I secured my first teaching job in 1991, a lifetime ago when you consider the amount of change that has occurred in Education. This is before testing, before standards, before No Child Left Behind or Race to the Top —- In 1991, the current reform movement was just on the precipice of making sweeping changes to k-12 education.
The high school that hired me was going through what is commonly referred to as a “youth movement.” They had several faculty retire and I, with a few others were the first newcomers to the building in a very long time. My new older colleagues were educated at colleges and universities during the 1960’s and early 1970’s. They were products, and at times participants in the student revolt of that period, marchers against the Vietnam war — active in the civil rights movement and witnesses to events like the 1970 Kent State shooting.
In our department meetings, whenever we had to adopt a textbook or discuss curricular changes the issue of Academic Freedom would crop up and several of my colleagues had a passion and belief that absent that freedom to choose what and how they teach — true education of students could not be attained. They would argue that the very foundation of education and knowledge rest on the ability of teachers to choose what and how they teach. They would get especially passionate if one or more believed that information was was being manipulated or controlled by entities outside of education. It was a lively and often in depth discussion about the purpose and reason for public education.
Sadly, this kind of discussion and debate about Academic Freedom is absent in today’s department meetings and for that matter in the k-12 setting. We deskill the professional teacher with McCurriculum, teacher-proof materials, and the imposition of the industrial model of schooling all designed to pass the ever increasing number of standardized test. We really don’t want free thinkers in the K-12 setting. The only ounce of freedom the teacher has in the classroom is how they will teach and even that has been curtailed by imposing standards for the teaching profession that homogenize and repress a teachers Academic Freedom.
If you think about it — everything — and I mean everything about the classroom today is homogenized. The McCurriculum, the materials available for teacher use and even the teachers evaluation which is grounded in state adopted teaching standards and wedded to the performance of students on the battery of standardized test make it nearly impossible for teachers to truly be creative in the classroom. Creativity and resistance by a teacher could easily land them in the unemployment line.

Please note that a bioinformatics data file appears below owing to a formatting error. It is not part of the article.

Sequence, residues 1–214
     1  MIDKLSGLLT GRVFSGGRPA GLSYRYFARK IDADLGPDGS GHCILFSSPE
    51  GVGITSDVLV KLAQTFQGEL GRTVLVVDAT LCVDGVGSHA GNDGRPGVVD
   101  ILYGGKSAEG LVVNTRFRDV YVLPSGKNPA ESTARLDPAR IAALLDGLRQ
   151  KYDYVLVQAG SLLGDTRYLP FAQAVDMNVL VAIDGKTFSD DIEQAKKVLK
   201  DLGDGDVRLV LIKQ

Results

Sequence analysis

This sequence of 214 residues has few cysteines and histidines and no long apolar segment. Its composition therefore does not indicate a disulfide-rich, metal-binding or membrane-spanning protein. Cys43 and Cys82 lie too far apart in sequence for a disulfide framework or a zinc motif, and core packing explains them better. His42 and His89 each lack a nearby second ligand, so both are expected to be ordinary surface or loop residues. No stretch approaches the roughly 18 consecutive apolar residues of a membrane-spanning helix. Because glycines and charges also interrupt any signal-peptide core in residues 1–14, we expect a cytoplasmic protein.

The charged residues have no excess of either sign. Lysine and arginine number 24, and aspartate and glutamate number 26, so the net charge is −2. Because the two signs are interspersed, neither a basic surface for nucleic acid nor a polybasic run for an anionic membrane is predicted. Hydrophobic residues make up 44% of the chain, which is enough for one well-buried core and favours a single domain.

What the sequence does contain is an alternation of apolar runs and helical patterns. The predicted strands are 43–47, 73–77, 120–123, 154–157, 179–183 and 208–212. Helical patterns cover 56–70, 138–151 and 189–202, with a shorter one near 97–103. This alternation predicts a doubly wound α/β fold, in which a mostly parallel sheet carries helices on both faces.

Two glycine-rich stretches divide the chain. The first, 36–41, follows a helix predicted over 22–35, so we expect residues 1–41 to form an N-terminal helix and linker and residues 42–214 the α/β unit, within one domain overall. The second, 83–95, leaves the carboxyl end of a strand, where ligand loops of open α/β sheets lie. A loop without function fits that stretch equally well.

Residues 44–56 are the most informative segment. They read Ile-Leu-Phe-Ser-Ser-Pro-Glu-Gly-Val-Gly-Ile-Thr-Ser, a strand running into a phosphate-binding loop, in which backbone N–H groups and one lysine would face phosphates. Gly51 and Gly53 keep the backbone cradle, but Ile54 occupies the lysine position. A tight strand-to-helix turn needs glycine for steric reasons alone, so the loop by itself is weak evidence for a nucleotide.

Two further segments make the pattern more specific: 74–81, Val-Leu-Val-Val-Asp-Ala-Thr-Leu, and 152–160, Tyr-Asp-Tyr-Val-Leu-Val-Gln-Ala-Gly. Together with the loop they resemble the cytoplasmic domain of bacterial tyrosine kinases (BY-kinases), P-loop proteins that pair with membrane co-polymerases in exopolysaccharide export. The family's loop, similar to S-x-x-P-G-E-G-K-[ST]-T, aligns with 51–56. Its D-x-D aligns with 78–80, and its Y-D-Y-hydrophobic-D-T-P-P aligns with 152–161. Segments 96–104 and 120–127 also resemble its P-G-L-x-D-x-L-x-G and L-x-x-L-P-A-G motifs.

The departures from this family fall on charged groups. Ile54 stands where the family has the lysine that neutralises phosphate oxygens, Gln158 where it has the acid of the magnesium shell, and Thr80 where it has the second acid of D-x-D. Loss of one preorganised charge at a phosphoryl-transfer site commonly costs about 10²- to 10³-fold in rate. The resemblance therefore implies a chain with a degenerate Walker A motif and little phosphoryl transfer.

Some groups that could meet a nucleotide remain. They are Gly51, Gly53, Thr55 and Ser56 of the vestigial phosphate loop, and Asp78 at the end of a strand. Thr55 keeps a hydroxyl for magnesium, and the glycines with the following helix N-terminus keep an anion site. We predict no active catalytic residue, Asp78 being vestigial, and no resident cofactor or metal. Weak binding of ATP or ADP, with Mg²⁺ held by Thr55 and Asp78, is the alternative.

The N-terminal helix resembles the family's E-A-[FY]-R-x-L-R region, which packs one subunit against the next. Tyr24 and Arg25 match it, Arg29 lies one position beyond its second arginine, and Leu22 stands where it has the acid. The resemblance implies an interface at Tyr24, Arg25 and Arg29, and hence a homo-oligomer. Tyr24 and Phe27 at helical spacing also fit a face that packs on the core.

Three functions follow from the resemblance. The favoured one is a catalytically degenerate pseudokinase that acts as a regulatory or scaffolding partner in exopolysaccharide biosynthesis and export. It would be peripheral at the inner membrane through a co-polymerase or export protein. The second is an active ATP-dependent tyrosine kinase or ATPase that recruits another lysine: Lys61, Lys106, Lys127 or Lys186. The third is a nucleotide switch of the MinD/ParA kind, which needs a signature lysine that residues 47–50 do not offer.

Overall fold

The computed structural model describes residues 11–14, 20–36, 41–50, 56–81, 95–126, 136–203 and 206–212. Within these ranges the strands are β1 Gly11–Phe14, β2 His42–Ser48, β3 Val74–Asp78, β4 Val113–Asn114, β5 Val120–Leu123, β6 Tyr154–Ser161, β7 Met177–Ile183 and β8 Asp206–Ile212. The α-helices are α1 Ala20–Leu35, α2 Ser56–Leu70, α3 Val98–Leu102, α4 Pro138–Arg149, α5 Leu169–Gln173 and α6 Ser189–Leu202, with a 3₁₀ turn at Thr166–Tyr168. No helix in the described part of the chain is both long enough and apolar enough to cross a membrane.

We deskilled this group of professionals without much fanfare or resistance. We no longer see teachers as intellectuals. We no longer consider teaching a noble profession. We no longer feel confident that teaching as a profession is stable and many of us, including me, are reluctant to encourage our own children to pursue this pathway. Teaching has become overly politicized and those who labor in the trenches no longer feel they have any control or say over what happens to them or what happens next in the educational arena. We have devalued the high level skills needed to teach children effectively. To what end I wonder?
I like to remind everyone I talk too, that great teaching is still an Art as much as we want to make it a Science. And my best teachers, the ones who believed in me, inspired me, pushed me to be my best are the very professionals that likely would not have fared well on the new evaluations systems we have in place. Many of my best teachers may not have talked openly about Academic Freedom but the diversity in the style, form and content each of them brought to the classroom signaled it was alive and well during my educational experience.
Academic Freedom in k-12 if not dead is at the very least on life support. I still have faith in public school teachers. I believe they have the wherewithal to provide the needed leadership and direction for the next generation of youth. We need to Reskill our professional teachers and reignite a discussion around Academic Freedom and the purpose of a public education before it’s too late.